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She'd wake up like we do, look out the window just like us, rummage through her days, but somehow what caught her attention — a grasshopper's hop, an infant's fingernails, plankton, a snowflake — when Wislawa Szymborska noticed something, she noticed it so well, her gaze reshaped the thing she saw, gave it a dignity, a vividness.
She was a poet and she died this week. She was, the obits say, a modest woman. When she won the Nobel Prize for literature, she was so discombobulated by the attention, she stopped writing poetry for awhile, until the world settled down and she could be ignored again. She needed the quiet to notice the astonishing, quiet things we might see every day, if we only had her eyes.
She had eyes for modest creatures. One time, she was wandering down a path — in my imagination it's a dirt path through a field somewhere in Poland where she lived. She looks down, and there, lying on its back, sits a beetle. It is dead. Nobody notices. Which is the point:
A dead beetle lies on the path through the field.
Three pairs of legs folded neatly on its belly.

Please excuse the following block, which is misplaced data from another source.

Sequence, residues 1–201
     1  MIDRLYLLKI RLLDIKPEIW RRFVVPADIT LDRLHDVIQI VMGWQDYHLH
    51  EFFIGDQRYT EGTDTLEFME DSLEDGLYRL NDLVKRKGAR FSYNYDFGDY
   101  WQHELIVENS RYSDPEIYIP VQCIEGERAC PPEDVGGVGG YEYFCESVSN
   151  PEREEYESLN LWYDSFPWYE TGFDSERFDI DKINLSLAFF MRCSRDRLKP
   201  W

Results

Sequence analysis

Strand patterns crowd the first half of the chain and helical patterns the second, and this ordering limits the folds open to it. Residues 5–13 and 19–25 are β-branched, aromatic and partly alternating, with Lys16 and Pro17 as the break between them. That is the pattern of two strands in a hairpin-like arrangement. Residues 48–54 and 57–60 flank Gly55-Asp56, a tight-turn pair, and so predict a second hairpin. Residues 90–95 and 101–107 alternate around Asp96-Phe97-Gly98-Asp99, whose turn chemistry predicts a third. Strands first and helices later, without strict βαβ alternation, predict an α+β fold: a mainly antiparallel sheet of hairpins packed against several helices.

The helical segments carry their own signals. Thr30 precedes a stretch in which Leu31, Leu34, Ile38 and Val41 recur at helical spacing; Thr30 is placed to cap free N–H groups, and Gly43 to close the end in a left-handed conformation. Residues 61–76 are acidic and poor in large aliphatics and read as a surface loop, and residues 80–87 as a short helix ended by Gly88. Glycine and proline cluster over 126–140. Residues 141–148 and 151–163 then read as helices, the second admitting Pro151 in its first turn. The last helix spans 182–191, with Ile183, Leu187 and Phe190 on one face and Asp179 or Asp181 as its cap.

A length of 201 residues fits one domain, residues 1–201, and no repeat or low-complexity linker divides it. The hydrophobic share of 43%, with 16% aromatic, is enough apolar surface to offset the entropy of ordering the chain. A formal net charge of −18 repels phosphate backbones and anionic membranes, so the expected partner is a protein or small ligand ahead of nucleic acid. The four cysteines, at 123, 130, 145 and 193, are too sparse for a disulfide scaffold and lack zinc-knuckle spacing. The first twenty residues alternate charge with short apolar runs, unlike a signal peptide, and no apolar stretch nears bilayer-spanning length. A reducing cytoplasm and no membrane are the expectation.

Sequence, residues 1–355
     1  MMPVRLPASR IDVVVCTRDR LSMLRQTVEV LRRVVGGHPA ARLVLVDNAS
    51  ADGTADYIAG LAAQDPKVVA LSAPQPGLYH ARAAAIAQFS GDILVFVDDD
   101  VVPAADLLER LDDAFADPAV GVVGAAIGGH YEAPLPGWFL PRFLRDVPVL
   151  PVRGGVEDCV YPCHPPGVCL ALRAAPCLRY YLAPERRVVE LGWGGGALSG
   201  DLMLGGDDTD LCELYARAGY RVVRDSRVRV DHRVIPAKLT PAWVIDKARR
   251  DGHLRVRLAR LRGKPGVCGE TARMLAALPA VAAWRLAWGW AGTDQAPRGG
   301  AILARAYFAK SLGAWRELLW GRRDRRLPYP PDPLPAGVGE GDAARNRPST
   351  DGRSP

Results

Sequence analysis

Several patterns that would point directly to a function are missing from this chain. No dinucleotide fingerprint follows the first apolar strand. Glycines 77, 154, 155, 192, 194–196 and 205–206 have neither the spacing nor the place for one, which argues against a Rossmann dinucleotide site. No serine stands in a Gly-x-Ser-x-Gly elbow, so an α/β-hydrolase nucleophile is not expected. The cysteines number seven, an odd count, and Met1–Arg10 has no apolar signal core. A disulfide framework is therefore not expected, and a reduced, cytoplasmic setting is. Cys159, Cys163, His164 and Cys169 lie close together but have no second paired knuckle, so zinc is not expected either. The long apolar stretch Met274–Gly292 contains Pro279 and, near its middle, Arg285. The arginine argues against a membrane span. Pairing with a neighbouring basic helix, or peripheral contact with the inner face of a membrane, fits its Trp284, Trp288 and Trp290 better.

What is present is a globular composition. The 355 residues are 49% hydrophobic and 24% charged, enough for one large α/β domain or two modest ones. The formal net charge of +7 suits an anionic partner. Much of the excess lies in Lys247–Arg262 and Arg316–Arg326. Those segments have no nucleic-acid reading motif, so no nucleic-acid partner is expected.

Instead of death's confusion, tidiness and order.
The horror of this sight is moderate,
its scope is strictly local, from the wheat grass to the mint.
The grief is quarantined.
The sky is blue.
To preserve our peace of mind, animals die
more shallowly: they aren't deceased, they're dead.
They leave behind, we'd like to think, less feeling and less world,
departing, we suppose, from a stage less tragic.
Their meek souls never haunt us in the dark,
they know their place,
they show respect.
And so the dead beetle on the path
lies unmourned and shining in the sun.
One glance at it will do for meditation —
clearly nothing much has happened to it.
Important matters are reserved for us,
for our life and our death, a death
that always claims the right of way.
Wislawa Szymborska's passing is as precious as that beetle's. No more. No less. She taught us about weight in the world. We all have it. Every last one of us.
"Seen from Above" from Poems New and Collected: 1957-1997 by Wisława Szymborska. English translation copyright © 1998 by Harcourt, Inc. Used by permission of Houghton Mifflin Harcourt Publishing Company. All rights reserved.